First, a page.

Though melatonin is generally considered safe for adults, as a dietary supplement, it is regulated as a food rather than as a drug. Food supplements are subject to far fewer regulations than drug supplements. Not only can dietary supplements interact with certain medications or medical conditions, but they’re not tested for safety, potency, or effectiveness, meaning the labeled dosage can sometimes vary dramatically from the actual dosage.

“The reliability of melatonin supplements varies widely,” says Jenna Gress Smith, Ph.D., clinical psychologist, and sleep medicine specialist. “One study found an incredibly wide range in how much melatonin supplements contained: Some had 83% less than marketed, while others had nearly 500% more. That’s a problem, of course, because you — and your kids — could easily end up taking an unintentional higher dose through no fault of your own.”

While melatonin is sold in tablet, capsule, and liquid form, studies indicate that the most variation was found in chewables, those sweet-flavored gummies that kids could easily mistake for candy, with one sample cited in the study containing 478% more melatonin than the label promised.

One study found serotonin, a much more strictly controlled substance, in 26% of the tested supplements. That level of serotonin, which results when melatonin is broken down, could pose an increased risk for serotonin toxicity in children.

How to keep melatonin away from children

Lelak made a point of mentioning that child-resistant packaging for melatonin “should be considered” and that health care providers need to better warn parents about the supplement’s “potentially toxic consequences.” Consumers and health care professionals should be encouraged to report any melatonin-product–related adverse events to MedWatch, the FDA’s medical product safety reporting program. Public health initiatives should focus on raising awareness of the increasing numbers of excess melatonin ingestions among children and on the development of preventive measures to eliminate this risk.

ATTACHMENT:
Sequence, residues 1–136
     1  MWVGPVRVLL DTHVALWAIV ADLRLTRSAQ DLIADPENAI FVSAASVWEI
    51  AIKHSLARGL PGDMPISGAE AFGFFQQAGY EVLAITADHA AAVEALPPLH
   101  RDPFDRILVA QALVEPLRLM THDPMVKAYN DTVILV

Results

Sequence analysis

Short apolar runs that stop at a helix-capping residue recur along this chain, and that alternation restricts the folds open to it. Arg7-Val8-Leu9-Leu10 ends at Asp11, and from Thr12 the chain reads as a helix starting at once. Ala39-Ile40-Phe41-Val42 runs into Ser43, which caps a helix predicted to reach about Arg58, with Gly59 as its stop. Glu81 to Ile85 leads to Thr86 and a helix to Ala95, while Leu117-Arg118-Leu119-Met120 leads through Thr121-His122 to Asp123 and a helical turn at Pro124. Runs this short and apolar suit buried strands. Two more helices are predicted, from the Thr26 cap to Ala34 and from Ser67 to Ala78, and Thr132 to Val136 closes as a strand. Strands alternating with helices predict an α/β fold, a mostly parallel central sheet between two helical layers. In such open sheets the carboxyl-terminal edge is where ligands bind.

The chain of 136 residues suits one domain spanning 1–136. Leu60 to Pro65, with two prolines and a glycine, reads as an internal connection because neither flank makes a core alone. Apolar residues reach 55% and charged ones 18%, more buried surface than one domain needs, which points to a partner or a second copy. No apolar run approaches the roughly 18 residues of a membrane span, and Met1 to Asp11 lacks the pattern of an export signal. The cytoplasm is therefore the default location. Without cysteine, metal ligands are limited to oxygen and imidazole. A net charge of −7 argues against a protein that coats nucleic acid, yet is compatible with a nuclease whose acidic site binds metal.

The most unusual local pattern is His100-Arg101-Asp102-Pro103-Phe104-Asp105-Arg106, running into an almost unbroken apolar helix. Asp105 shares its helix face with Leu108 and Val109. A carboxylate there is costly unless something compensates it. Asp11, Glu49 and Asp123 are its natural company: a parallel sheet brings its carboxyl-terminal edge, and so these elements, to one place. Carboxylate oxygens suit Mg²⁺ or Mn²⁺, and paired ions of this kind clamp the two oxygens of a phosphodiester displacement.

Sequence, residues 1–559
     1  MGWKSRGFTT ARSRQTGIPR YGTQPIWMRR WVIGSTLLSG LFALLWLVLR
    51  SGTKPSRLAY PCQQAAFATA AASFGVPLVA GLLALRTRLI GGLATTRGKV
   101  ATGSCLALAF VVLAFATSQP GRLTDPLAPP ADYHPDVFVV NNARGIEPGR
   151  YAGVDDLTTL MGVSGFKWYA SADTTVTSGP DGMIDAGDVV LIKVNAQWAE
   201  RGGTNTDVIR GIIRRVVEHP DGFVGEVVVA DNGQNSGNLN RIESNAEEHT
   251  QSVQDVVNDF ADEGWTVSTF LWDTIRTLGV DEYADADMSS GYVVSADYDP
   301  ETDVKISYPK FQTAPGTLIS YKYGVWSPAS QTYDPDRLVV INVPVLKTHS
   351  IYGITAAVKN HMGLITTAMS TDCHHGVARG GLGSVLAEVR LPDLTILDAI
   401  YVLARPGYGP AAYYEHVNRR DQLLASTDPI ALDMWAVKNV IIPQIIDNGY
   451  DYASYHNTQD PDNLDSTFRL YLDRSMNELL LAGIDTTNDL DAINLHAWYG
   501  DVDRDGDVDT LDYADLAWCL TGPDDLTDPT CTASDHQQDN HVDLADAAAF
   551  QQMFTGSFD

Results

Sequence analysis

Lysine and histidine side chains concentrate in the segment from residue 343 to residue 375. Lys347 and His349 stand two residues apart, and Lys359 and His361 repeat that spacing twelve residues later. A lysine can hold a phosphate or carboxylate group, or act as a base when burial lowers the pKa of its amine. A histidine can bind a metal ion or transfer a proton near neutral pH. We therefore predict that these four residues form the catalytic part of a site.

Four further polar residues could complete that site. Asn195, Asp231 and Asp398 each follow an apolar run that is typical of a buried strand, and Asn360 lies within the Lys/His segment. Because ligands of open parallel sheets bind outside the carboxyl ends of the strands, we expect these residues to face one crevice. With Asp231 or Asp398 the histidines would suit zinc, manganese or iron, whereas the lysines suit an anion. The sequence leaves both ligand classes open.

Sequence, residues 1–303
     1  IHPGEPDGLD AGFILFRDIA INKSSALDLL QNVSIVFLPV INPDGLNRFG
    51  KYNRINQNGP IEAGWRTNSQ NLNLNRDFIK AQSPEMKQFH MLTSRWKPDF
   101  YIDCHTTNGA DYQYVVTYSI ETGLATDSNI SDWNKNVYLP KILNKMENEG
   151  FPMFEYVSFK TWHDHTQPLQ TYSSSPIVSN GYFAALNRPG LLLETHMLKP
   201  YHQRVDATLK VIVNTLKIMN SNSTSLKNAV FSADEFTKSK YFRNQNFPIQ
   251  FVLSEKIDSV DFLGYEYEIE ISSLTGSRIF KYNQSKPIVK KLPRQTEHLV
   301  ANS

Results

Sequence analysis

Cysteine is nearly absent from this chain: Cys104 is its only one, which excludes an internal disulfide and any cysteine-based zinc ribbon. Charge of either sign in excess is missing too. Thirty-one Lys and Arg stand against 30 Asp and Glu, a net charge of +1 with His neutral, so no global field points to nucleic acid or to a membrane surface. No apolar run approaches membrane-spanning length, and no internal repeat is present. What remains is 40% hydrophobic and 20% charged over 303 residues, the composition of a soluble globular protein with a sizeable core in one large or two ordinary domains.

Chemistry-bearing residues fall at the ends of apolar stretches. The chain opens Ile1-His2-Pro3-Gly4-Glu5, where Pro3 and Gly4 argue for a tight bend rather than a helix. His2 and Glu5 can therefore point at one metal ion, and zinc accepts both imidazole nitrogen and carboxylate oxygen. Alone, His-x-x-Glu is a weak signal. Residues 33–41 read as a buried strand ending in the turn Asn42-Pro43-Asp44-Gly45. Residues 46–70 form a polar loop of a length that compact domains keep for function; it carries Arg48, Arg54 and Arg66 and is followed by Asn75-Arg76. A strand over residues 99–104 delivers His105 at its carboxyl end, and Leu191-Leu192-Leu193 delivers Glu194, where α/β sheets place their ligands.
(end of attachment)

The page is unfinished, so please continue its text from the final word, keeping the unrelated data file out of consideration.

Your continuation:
“There are other practical steps that can be taken immediately,” says Smith. “Parents need to treat melatonin in their home like any other medication, especially if it looks like an enticing gummy snack. Melatonin of all types should be on a shelf in your medicine cabinet with cold medicine or Advil, and out of the reach of kids. And if you do give your child melatonin, it should be given only under supervision.

“It’s no wonder parents are grasping for solutions to improve their kids’ sleep. The American Academy of Pediatricians estimates that 25-50% of children and 40% of adolescents struggle with their sleep. Tired kids can struggle emotionally, behaviorally, and academically, sending parental stress levels soaring,” says Gress Smith, a mother of two young girls herself. Given the statistics, it’s understandable that parents would want to help. However, turning to melatonin isn’t the solution Smith urges. “Using gummies/pills/supplements for sleep can send an unintentional message that sleep is fixed by substances, which research has helped us understand is not the case.”

But parents should not be discouraged. “Behavioral strategies and a consistent schedule can work wonders,” adds Smith, “as can consulting your pediatrician for other ways to manage children’s sleep problems/issues.”